The average American gains five pounds a year, every year over the age of 30. Some estimate that 60 percent of our society is overweight. Of course, the best way to avoid obesity is to resist temptation and never let the unwanted calories cross your lips in the first place. But what approach can we take that will help us balance exercise and food consumption?

1. Cardiovascular Exercise

Cardiovascular (aerobic) exercise has been touted for years as a key to effective fat burn. Most experts agree -- a fitness program with the main goal of achieving weight loss must include at least three weekly cardio workouts. This translates into 20 to 30 minutes (or up to 60 minutes when working at lesser intensities), of any physical activity that gets your heart to beat at a rate that's 60 to 90 percent of its maximum.

The specific exercise isn't as important as its affect on your heart rate (and breathing rate). Generally speaking, cardiovascular exercise involves working the major muscles of the lower body in a continuous, rhythmic fashion. Activities such as brisk walking, jogging, riding a bicycle and jumping rope all qualify as aerobic exercise and should be incorporated into your weekly fat burning regime.

2. Strength Training

There seems to be a lot of misunderstanding regarding strength training, even amongst people that strength train on a regular basis. When you lift weights (or engage in any other type of strength training), you pit your body against a challenging (but controllable) level of resistance. If done right, muscles will adapt and grow stronger as they anticipate a progressively more difficult workout.

This muscle growth will take the form of a sculpted and more toned physique, and unless taken to an extreme, will usually not materialize into big and bulky muscles. But what about that layer of fat that floats over every inch of your otherwise sculpted body? An increase in lean muscle, if only slight, will result in an increased basal metabolic rate, your body's requirement for fuel at rest.

If you consider that almost all the burning body fats takes place inside muscle tissue, it's logical to assume the more muscle you have -- the more fat you'll burn just to exist. This translates into a 24-hour-a-day increase in demand for fat as fuel, and if accompanied by a steady decrease in supply, will result in major fat loss.

3. Flexibility Training and Yoga

Many would question the connection between stretching and fat burning. Flexibility training increases the effectiveness of the rest of your fitness program in many ways. It cuts down on injury and recovery time, reducing next day soreness, getting you back in the gym sooner. Stretching improves performance, balance and speed of motion, allowing you to perform more work in less time.

Interspersing some stretching exercises into an otherwise strength training routine keeps you moving between sets, adding to the overall caloric consumption of your workout. Yoga, with its unique blend of stretching and strengthening exercises, has gained unprecedented popularity. Many fitness enthusiasts, who at one time wouldn't be caught dead in a cat pose, now find themselves attending regular yoga classes and looking as lean and fit as ever.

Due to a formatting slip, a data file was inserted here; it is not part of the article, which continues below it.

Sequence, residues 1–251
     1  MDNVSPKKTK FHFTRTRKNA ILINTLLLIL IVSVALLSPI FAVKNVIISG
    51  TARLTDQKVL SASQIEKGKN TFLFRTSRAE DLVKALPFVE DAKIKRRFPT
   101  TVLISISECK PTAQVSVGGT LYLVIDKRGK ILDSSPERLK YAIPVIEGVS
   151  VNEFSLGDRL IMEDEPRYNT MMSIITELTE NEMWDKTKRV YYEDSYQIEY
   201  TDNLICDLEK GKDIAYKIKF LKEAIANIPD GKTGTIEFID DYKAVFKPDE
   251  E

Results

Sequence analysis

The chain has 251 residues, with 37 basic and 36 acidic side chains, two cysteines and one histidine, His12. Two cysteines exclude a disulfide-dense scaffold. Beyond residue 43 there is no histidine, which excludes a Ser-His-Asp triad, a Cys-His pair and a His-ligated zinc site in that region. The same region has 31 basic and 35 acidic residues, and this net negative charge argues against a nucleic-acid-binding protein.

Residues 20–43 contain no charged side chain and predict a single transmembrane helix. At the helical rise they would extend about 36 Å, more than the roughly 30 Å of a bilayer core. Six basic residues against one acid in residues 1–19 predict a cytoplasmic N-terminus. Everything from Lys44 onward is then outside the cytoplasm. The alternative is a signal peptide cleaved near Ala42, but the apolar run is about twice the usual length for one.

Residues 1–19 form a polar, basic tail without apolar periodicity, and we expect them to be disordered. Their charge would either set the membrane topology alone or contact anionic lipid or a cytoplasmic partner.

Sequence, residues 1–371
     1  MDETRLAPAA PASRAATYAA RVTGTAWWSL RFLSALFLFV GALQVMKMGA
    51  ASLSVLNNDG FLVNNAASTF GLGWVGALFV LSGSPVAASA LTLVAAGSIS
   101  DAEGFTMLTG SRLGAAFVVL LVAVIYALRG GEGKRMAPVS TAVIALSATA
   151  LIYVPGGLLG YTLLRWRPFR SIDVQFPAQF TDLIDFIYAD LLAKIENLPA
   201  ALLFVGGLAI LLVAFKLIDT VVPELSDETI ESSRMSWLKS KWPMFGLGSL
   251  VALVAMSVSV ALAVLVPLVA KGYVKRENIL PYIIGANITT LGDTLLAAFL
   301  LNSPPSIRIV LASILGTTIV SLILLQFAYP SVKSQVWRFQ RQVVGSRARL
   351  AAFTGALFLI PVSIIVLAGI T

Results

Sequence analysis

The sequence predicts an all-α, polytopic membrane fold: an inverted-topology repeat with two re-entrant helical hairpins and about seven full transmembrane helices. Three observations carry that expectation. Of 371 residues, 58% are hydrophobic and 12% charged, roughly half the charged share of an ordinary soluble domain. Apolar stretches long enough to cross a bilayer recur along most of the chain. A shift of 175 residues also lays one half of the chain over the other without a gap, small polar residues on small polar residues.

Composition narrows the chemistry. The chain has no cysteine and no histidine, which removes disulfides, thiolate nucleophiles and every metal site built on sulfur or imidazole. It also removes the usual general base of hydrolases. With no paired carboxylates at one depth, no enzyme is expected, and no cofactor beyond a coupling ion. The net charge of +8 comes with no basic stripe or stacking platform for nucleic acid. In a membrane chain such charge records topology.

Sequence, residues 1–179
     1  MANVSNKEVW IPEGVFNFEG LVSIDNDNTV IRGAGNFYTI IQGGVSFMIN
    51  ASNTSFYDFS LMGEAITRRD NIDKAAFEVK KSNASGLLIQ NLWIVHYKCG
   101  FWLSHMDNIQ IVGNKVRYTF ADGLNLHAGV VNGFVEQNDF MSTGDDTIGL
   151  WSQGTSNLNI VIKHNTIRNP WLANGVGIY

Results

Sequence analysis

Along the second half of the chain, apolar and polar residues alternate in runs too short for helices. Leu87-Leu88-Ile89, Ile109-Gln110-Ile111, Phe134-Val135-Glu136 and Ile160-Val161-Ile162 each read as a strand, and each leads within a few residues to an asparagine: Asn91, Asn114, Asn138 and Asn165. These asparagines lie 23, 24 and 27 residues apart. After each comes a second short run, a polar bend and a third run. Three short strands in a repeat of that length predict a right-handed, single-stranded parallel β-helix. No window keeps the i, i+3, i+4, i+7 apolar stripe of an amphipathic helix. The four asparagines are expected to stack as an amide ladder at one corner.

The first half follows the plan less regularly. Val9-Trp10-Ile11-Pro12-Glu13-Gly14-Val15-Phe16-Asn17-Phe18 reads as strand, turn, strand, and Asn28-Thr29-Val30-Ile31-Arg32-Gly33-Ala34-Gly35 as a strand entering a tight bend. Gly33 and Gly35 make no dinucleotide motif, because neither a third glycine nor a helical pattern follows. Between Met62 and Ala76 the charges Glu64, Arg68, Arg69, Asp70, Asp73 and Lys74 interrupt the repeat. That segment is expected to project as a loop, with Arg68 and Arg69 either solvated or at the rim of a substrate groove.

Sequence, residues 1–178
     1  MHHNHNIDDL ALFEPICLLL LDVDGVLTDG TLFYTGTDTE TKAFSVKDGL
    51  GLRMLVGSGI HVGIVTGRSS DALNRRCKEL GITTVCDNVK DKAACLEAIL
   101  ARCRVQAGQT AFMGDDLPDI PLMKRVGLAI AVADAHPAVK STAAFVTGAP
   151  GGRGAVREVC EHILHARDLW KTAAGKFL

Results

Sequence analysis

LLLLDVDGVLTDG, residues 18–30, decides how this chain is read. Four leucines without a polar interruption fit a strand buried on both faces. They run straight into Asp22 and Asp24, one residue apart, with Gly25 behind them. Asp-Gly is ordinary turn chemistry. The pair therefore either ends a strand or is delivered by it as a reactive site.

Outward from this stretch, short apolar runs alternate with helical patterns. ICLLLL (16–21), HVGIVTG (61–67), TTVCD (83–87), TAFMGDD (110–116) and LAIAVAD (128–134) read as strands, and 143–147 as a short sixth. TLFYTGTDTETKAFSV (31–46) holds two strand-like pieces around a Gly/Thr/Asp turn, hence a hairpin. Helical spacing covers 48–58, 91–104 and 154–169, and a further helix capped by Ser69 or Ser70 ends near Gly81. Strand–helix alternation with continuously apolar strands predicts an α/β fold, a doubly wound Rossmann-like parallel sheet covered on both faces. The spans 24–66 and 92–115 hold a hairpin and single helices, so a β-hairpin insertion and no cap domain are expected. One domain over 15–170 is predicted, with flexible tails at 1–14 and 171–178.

4. Sleep, Rest and Recovery

Most of us won't resist this one, but you'd be surprised at how often lack of sleep or rest is the culprit behind a failed weight loss program. More of a good thing isn't necessarily better. When putting together a fitness and weight loss plan, be sure to include adequate recovery periods between workouts. Rest at least 48 hours between full body strength training sessions and limit cardio to no more than 3 to 6 hours a week. If over-trained, your body will break down, you'll lose precious lean muscle mass and actually get fatter.

Do whatever it takes to ensure a good night's sleep. Get a new mattress, install heavier blinds or go to bed earlier. During sleep, the body's recovery processes go into high gear. Depending on activity levels and individual requirements, get 7 or 8 hours of sound, restful sleep every night.

5. Meditation and Stress Reduction

Meditation has been proven to minimize the body's reaction to stress and alleviate many stress-related health problems. But few realize that it can actually raise your body's levels of the anti-aging hormone, DHEA. Also available as an over-the-counter supplement, DHEA is a precursor to testosterone, which is necessary for muscle growth and fat loss. DHEA and testosterone levels decline with age, but tests conducted on people that meditate on a daily basis reveal that serum DHEA levels were restored to much more youthful levels.

In addition, stress has been found to generate dangerously high levels of the naturally occurring hormone cortisol, which is produced by the adrenal glands. Cortisol has a major role in the regulation of blood pressure and cardiovascular function as well as regulation of the body's use of proteins, carbohydrates and fats. When cortisol is secreted, it causes a breakdown of muscle protein, leading to the release of amino acids into the bloodstream. This process can also raise blood sugar levels.

Meditation, or any other form of stress reduction, can balance this hormonal shift. You can use your meditative sessions to visualize how you'd like to look, or even imagine yourself engaged in activities you once enjoyed. This type of visualization technique has been found not only to relieve stress, but also to increase your odds of achieving goals you've set a nice fringe benefit.

If your goal is to burn fat, take a five-pronged approach. Combine the above five methods with a sensible eating program, and you'll be on the road to unprecedented fat loss and a health and fitness program that you'll stay with for a lifetime.

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